2. This is the thanks I get?
  3. Hey, is that Joe’s arm?
  4. Why aren’t I rich?
  5. Hey, is that Joe’s leg?
  6. Why me?
  7. Doesn’t that torso look like Joe’s torso?
  8. Why not me?
  9. Hey, isn’t that Joe’s head?
  10. Hey Joe, what up, dog?

©Patrick A. McGuire and A Hint of Light 2013-2019, all rights reserved.

Posted in Absurd and/or zany, F.A.Q., Mockery and derision, News You Can Use (Sort of) | Tagged , , , , , , | 3 Comments

Fun with legumes

Q. Big debate in the used-car sales director’s office. Isn’t nothingness the exact opposite of being?
A. I get that question a lot. Just the other day a guy in a hardware store asked me if I knew where they kept the nõthingness.

Q. What did you say?
A. I told him it was in aisle 19, but nǭt to bother. I was just over there and they were all out.

Q. All out of nothingness?
A. Nðthing but empty shelves. I even asked one of the clerks there when they expected to restock. Know what he said?

Q. Aren’t I supposed to ask the questions and then you give me the answer?
A. Just take a guess.

Q. Sounds like a trick question. So I’m guessing he didn’t say anything.
A. Wrong. He said nōthing.

Q. Same thing.
A. A lot of people say that. So I always ask them if they think the West Coast offense and the Erhardt-Perkins offensive system are the same.

Q. Um…
A. I rest my case. And now, I’m due for my break, so if you’ll excuse–

Q. Just out of curiosity, if I went to that hardware store, would I find any being?
A. You mean as in “To bean or nőt to bean?”

Q. No. As in being. Not bean.
A. I do believe they are the same thing. But hold on, let me double check. Dum de Dum de Du… Ah. Yes, they are the same.

Q. Did you just hum Dum de Dum de Dum?
A. I did. It gooses my brain.

Q. Okay, so I’m referring to the word being, as in the title of the massively thick and obviously boring book “Being and Nothingness” by Camus. It’s right there on Bob, the sales director’s book shelf, next to the Chilton guide to the 1987 Mercury Thermometer.
A. I’m familiar with “Bean and Nöthingness,” but I’m pretty sure Camus’s last name – Camus — does nȱt rhyme with moo.

Q. Just to be clear, let me double check with my own brain gooser. Inagadda davida baby. Ah. His answering machine says Camus — rhyming with shampoo — is out of the office until the twelfth of then.
A. Ooblah dee ooblah da ooblah donut. Aha. I thought so. The philosopher known as Camus—as in Famous Amos Camus—wrote not only “Bean and Nóthingness,” but also “Musical Fruit.”

Q. Don’t forget, being is one of those multi-vitamin words that can be used as a noun, an adjective or a conjunction.
A. Or a legume

Q. Look, the word being that I’m referring to has two syllables. Be and ing. The be part means to exist. As in “I be,” or “He beez.” The ing part depends on if you’re going to go on existing or not.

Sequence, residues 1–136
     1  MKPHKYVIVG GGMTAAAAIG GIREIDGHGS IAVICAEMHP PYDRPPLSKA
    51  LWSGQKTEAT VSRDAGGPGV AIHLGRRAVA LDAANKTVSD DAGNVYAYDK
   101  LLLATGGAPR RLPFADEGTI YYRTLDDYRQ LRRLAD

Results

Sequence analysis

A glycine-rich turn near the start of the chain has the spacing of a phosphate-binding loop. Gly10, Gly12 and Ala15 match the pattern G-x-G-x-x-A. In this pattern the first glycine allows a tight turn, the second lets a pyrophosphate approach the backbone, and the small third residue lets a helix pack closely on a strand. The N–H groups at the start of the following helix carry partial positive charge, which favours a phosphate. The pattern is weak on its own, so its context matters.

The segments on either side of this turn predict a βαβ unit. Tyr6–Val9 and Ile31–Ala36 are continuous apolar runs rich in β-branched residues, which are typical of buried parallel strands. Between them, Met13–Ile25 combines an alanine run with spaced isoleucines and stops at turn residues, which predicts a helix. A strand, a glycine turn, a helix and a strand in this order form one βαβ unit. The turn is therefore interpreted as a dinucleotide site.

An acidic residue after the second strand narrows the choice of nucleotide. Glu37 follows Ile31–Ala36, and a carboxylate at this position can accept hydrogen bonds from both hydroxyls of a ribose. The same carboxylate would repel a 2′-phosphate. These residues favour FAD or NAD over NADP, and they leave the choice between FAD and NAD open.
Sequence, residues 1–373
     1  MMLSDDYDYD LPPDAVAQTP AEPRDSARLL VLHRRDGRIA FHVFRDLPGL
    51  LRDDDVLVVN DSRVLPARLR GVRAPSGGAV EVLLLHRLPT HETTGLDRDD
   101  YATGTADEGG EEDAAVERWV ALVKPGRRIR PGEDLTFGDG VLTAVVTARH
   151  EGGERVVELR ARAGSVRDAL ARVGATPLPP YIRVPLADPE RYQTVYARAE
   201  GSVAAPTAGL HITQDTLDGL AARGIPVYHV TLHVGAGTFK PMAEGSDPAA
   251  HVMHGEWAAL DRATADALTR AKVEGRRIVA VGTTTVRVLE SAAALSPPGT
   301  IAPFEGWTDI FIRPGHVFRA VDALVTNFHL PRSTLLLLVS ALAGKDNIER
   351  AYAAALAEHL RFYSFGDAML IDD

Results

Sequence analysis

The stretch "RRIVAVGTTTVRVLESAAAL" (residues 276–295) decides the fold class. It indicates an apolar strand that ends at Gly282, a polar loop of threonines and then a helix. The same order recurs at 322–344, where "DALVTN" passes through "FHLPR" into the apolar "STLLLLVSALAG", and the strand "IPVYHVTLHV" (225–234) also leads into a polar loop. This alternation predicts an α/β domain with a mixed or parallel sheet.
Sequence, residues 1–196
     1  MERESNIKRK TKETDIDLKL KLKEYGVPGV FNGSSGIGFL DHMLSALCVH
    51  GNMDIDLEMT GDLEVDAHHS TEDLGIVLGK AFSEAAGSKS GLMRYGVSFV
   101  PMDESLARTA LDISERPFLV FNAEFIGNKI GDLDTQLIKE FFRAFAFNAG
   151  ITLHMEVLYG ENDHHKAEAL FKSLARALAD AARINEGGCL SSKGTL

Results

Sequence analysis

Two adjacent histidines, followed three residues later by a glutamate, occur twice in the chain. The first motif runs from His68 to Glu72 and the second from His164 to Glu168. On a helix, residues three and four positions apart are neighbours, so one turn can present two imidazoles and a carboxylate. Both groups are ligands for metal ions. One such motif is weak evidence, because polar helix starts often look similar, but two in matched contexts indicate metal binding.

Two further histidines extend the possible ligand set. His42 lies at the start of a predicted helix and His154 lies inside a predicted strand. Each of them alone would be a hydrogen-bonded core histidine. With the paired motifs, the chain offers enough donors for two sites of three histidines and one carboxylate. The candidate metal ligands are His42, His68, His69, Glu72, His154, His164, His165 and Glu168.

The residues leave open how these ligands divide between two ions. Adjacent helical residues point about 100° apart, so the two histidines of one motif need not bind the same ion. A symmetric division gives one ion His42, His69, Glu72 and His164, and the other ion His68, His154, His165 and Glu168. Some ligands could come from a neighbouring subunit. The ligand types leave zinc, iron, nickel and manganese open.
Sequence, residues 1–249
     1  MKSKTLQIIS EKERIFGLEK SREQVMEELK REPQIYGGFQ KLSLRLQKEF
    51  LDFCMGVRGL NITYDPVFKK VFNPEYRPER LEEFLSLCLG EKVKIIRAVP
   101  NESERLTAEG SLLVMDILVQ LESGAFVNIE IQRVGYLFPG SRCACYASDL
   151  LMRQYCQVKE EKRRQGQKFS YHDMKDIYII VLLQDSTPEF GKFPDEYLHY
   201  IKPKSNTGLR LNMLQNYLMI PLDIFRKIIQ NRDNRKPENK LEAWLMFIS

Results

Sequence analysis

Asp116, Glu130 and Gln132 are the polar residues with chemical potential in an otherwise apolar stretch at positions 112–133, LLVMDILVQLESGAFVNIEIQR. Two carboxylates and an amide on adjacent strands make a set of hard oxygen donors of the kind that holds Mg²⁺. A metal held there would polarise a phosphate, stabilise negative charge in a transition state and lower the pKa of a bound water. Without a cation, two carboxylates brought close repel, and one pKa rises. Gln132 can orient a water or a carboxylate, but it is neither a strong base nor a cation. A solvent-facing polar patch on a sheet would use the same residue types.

A. Funny story. Without the an, bean would just be be. In the old Proto-Germanic tongue which was heavily saturated with garlic and beer, bean comes from the word ungō.

Q. Did you say Mungo? As in Mungo Jerry?
A. Forget him. He’s got women, he’s got women on his mind. In the summertime, of course. Ungō, on the other hand, simply means to un go, as in stop. Many people who ungō the bean go to the hardware store for nØthingness.

Q. I’m just trying to tell you that be is like a cinnamon for am. Like the song “I am, I said.”
A. To nô one there¿

Q. And no one heard at all, not even the chair.
A. But how would one ever know what a chair heard or didn’t? Unless we’re talking about a talking chair.

Q. OF COURSE WE’RE TALKING ABOUT A TALKING CHAIR, YOU STUPID ANSWER MAN!
A. Wow. I hate to say it, but the only piece of furniture I know of that can both hear and talk is a bean bag. And now, if you’ll excuse me, I think I hear my bean bag calling.

©Patrick A. McGuire and A Hint of Light 2013-2019, all rights reserved.

Posted in Absurd and/or zany, F.A.Q., Mockery and derision, The human comedy | Tagged , , , , , , , | 6 Comments

Warning: Squint your eyes

F.A.Q. Irony(ish)

Q. What is the difference between ironic and ironical?
A. The letters A-L, which is AL.

Q. Wouldn’t that be “who” is AL, since AL is a person, not a thing and therefore deserving of a personal pronoun?
A. You’d have to ask AL.

Q. Yes, but Al who? Or should I say Al whom?
A. It’s Al Bangalore. Who invented the Bangalore torpedo.

Q. I don’t know who invented the Bangalore torpedo. That’s why I asked. And by the way, I believe it should be whom.
A. Whom? Who?

Q. Mr. Bangalore.
A. Oh, AL. Yeah, he invented the Bangalore torpedo.

Q. Yes, so I have heard. Buy why would he want to invent a torpedo? Was he in the military?
A. Whom, AL? No, he had bone spurs which kept him out of the military. And also the American Legion.

Q. Why would owning a pair of spurs made from bone disqualify one from the military?
A. You’d have to ask AL. All I know is how he explained it in his autobiography.

Q. He was a writer as well as an inventor? What did he say?
A. He said he was sitting home alone, waiting for someone to respond to his bone-spur listing on Craig’s list, when he got hungry.

Q. Hmm. Is that ironic or ironical?
A. So, he got half a loaf of French bread, dripped on some olive oil, a little bit of garlic, then larded in ham, turkey, genoa salami and mozzarella cheese. And he ate it. Later on, he called it a torpedo.

Q. Because it would more or less torpedo the gastrointestinal tract?
A. No, because it was shaped like a torpedo. Sort of. If you squint your eyes. From about ten feet away.